When you’ve had a smartphone for a while it can start to feel slow, and RAM—Random Access Memory, which is where your phone stores its stuff as it’s using it—can be part of the problem. If your phone doesn’t have enough RAM, it can struggle, but there are ways to address that. To help you, we’ve put together some tips on how to use phone RAM more efficiently on Android.
Generally speaking, the Android system is quite good at RAM management, and modern smartphones pack more than enough memory to get the job done, so RAM worries on Android devices are largely consigned to the past. Nonetheless, if you have an older device or are troubleshooting reasons for unexplainable slowdown on your smartphone, we can take a look at how to conserve RAM or tack on virtual RAM to see if it might help the situation.
RAM is what your device uses when it’s doing something. For example, when you’re editing a photo both the photo and the app you’re using to edit it are in the device’s RAM; when you’re finished, the photo is saved to your device’s storage so it can’t get lost. The more RAM you have, the more you can do. For example, you can have more browser tabs open, more apps running or more system features doing their stuff.
The problem with phone RAM is that it isn’t always cleared properly, and apps don’t always behave. Some applications and system processes run when you don’t need them to, while others don’t clean up after themselves when they quit. After a while, those issues can have noticeable results such as slow performance, lagging and stuttering, and the odd crash.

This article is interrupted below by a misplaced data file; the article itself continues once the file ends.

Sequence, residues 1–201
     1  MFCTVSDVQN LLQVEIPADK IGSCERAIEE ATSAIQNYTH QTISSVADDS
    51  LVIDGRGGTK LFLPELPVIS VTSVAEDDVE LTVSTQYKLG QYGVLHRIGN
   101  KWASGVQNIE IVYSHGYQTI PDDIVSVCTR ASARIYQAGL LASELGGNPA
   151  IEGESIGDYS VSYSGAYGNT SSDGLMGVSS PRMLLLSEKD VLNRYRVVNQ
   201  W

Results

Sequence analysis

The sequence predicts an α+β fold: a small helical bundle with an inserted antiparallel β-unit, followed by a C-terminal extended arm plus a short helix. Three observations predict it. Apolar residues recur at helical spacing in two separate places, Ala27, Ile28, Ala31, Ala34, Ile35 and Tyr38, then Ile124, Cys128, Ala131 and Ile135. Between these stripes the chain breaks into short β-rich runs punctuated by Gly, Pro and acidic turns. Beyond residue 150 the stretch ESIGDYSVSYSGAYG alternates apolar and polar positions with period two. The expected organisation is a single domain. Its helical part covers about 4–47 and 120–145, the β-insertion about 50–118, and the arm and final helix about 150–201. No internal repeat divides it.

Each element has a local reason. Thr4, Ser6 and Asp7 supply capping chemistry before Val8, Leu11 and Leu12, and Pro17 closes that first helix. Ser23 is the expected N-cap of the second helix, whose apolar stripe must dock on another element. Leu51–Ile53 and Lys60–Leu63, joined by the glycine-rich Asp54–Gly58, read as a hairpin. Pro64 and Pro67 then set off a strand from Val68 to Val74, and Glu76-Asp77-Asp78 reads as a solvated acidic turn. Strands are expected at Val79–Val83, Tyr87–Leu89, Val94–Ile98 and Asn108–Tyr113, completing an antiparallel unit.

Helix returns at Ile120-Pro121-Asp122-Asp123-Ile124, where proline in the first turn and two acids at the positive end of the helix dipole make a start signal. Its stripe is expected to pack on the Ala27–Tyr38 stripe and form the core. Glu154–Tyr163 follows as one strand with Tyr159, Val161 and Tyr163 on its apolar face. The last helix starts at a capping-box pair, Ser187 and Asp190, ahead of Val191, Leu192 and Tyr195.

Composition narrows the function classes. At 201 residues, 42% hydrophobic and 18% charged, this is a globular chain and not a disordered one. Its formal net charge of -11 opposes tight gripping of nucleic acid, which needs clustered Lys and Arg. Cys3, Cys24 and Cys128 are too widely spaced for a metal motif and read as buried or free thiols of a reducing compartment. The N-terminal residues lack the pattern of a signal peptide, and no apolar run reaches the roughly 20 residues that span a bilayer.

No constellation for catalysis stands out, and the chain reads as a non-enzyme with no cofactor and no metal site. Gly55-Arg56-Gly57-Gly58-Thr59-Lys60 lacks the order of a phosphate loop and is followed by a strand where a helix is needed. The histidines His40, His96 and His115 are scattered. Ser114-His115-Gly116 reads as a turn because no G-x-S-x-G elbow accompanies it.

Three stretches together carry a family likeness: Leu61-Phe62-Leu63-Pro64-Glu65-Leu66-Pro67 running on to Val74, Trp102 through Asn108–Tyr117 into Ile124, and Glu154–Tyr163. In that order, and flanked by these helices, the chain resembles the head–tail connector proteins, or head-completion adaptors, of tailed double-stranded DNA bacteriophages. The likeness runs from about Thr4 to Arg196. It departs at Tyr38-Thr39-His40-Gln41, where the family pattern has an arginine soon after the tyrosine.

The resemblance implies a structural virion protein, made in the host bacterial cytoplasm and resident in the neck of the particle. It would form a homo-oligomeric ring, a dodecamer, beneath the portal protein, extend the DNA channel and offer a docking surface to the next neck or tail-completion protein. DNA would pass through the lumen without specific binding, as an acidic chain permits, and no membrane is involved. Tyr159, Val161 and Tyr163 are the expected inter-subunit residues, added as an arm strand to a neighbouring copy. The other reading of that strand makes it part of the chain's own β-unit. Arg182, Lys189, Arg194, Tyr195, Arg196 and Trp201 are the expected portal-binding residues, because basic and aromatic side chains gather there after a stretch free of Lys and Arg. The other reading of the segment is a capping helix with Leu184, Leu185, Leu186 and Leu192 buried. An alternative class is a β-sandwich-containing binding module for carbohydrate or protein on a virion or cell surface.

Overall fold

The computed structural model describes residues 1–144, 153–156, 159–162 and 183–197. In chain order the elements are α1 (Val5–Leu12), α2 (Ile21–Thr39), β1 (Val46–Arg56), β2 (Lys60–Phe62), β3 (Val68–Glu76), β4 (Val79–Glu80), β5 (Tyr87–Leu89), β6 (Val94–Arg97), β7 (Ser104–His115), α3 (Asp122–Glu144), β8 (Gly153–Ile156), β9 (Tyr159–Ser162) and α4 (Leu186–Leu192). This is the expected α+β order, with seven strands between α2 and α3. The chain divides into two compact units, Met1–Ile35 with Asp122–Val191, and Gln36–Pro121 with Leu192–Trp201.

Like internal storage, RAM is a physical component of your device so you can’t just stick more in. What you can do, though, is use it more efficiently. In addition, if you own a device with Android 11 or 12, high chances are that you have the ability to further extend your RAM by allocating some of your storage using a feature called Virtual RAM.
Now that you know what RAM is, we’ll show you how to preserve it. In this guide, we focus on tips for non-rooted devices. For those devices, you can’t magically add more memory, and virtual memory is not fast enough to cover the needs of games. But you can make better use of what you’ve got. As a rule of thumb, the more your phone is doing; the more RAM is being used. So, if you can reduce what’s running, you can free up more memory for the tasks that really matter.